Deaf infants' gaze behavior more advanced than that of hearing infants
Deaf infants who have been exposed to American Sign Language are better at following an adult's gaze than their hearing peers, supporting the idea that social-cognitive development is sensitive to different kinds of life experiences.

Initiating breastfeeding in vulnerable infants
The benefits of breastfeeding for both mother and child are well-recognized, including for late preterm infants (LPI).

Young infants with fever may be more likely to develop infections
Infants with a high fever may be at increased risk for infections, according to research from Penn State College of Medicine.

Early term infants less likely to breastfeed
A new, prospective study provides evidence that 'early term' infants (those born at 37-38 weeks) are less likely than full-term infants to be breastfeed within the first hour and at one month after birth.

Infants are more likely to learn when with a peer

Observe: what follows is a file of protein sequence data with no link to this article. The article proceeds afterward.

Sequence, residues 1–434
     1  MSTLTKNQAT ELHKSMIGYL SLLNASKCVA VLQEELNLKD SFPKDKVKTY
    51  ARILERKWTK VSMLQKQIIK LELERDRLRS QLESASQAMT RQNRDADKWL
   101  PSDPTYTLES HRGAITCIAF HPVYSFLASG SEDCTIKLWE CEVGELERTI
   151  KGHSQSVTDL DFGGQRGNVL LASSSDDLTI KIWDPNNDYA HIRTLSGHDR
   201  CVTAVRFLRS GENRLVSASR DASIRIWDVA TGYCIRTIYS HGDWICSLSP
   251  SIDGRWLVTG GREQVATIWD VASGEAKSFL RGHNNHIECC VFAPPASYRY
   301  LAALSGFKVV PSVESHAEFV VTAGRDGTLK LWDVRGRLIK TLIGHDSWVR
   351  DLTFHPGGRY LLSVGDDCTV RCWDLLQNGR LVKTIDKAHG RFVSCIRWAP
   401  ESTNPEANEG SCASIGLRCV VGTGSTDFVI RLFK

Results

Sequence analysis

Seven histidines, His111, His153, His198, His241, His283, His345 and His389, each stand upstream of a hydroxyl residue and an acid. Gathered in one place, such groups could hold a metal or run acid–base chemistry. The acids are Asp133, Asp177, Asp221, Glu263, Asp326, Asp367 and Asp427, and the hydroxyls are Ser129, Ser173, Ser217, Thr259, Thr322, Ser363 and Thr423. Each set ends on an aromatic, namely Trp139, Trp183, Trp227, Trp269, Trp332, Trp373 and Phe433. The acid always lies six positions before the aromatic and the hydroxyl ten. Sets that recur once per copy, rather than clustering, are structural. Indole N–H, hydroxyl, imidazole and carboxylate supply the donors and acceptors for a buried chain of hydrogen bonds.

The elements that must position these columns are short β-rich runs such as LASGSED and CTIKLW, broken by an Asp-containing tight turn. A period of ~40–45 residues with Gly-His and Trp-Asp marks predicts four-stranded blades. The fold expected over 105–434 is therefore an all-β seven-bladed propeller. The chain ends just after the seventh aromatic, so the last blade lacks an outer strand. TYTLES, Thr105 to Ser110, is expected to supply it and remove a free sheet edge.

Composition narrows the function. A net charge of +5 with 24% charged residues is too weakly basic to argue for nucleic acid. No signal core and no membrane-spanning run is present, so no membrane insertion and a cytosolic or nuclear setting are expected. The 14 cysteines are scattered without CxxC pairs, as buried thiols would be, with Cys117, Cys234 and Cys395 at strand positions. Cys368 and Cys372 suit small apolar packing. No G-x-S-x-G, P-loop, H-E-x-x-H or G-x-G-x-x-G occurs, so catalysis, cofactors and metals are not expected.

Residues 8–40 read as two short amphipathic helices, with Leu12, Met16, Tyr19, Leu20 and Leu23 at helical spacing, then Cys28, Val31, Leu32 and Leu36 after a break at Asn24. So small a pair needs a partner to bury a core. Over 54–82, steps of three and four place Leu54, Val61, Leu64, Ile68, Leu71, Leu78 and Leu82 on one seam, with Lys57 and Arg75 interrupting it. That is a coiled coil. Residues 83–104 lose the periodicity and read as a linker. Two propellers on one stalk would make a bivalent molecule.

Researchers at the University of Connecticut and University of Washington looked at the mechanisms involved in language learning among nine-month-olds, the youngest population known to be studied in relation to on-screen learning.

Allergic reactions to foods are milder in infants
Majority of infants with food-induced anaphylaxis present with hives and vomiting, suggesting there is less concern for life-threatening response to early food introduction.

Non-dairy drinks can be dangerous for infants
A brief report published in Acta Paediatrica points to the dangers of replacing breast milk or infant formula with a non-dairy drink before one year of age.

Infants can't talk, but they know how to reason
A new study reveals that preverbal infants are able to make rational deductions, showing surprise when an outcome does not occur as expected.

Read More: Infants News and Infants Current Events
Brightsurf.com is a participant in the Amazon Services LLC Associates Program, an affiliate advertising program designed to provide a means for sites to earn advertising fees by advertising and linking to Amazon.com.